By Femi Macaulay
After the coronavirus crisis, there may well be a corruption crisis arising from the possible mismanagement of funds donated to combat the coronavirus in Nigeria. Can the Federal Government ensure that such funds don’t end up in the pockets of corrupt government officials and their collaborators?
This question is in order, considering the problem of political corruption in the country, which the President Muhammadu Buhari administration is fighting with its anti-corruption campaign.
It is commendable that the Nigeria Private Sector Coalition Against COVID-19 (CACOVID-19) Relief Fund had N19.488b as at last weekend. The group intends to raise N120 billion from banks and private sector contributors to support the Federal Government in tackling the coronavirus crisis.
The Central Bank of Nigeria (CBN) and Alhaji Aliko Dangote of Dangote Industries had donated N2b each. Those who had donated one billion naira each are: Alhaji Abdulsamad Rabiu of Bua Sugar Refinery, Segun Agbaje of Guaranty Trust Bank (GTB), Tony Elumelu of United Bank for Africa (UBA), Oba Otudeko of First Bank, Jim Ovia of Zenith Bank, Herbert Wigwe of Access bank, Femi Otedola of Amperim Power Distribution Limited, Raj Gupta of African Steel Mills Nigeria Ltd and Modupe and Folorunso Alakija of Famfa Oil.
Other donors include Pacific Holding Limited, Union Bank Plc., Sterling Bank Plc., Standard Chartered Bank Limited, Stanbic IBTC Bank, Citibank Nigeria Limited, First City Monument Bank, Fidelity Bank and Ecobank Plc.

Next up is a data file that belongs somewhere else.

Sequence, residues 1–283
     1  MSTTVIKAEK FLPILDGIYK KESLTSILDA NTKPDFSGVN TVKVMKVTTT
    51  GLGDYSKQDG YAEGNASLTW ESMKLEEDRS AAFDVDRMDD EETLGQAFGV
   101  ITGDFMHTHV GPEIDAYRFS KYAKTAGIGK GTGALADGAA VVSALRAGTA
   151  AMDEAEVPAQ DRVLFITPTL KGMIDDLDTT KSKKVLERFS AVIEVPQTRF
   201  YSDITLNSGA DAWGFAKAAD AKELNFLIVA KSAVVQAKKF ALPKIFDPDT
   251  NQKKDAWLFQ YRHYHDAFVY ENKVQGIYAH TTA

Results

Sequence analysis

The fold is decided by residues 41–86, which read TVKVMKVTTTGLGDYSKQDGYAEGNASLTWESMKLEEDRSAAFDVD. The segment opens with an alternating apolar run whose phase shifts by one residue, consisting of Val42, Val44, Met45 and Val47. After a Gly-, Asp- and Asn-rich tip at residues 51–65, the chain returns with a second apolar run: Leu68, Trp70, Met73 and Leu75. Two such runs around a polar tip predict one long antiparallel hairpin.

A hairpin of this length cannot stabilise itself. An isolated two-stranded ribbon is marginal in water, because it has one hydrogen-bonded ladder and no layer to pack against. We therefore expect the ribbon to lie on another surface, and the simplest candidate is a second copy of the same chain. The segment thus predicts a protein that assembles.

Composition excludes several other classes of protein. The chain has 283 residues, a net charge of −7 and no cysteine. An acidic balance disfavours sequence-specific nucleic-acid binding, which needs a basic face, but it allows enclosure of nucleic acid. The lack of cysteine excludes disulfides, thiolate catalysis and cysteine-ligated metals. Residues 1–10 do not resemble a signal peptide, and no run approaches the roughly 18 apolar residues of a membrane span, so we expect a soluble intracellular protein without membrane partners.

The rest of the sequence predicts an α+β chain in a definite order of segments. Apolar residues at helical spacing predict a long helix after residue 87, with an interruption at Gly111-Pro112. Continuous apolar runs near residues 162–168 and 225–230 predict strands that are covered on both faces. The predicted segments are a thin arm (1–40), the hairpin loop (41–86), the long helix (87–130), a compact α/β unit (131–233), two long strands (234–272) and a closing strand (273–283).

Public concern that the donations may be diverted reflects the unimpressive result of the war against corruption. Minister of Information and Culture and member of the Presidential Task Force for the Control of Coronavirus (COVID-19), Alhaji Lai Mohammed, clarified the situation:”I can say without any fear that as of this moment, the task force has not received a kobo from anybody…The Nigeria Economy Group-led private sector has said it is not going to give a penny to the task force; it says it will only raise the money and ask us what our needs are.”
He added: “We have asked for more equipment and facilities…What we need now are equipment and bed facilities where those who have tested positive can be admitted because we do not want a situation where there will be no bed space. “ This clarification does not mean that the situation cannot be exploited by corrupt opportunists.
The COVID-19 emergency has further exposed the country’s appalling health system. The authorities are now under pressure to provide things that should have been in place before now. An emergency should not mean that the country is caught totally unprepared.
After declaring a lockdown in Lagos State, Ogun State, and the Federal Capital Territory, Abuja, in order to contain the coronavirus pandemic, the Federal Government should not delude itself into thinking that restricting population movement is the solution to the public health crisis.
The Federal Government should listen to the World Health Organisation: ”The answer depends on what countries do while these population-wide measures are in place. Asking people to stay at home and shutting down population movement is buying time and reducing the pressure on health systems, but on their own, these measures will not extinguish the epidemics.”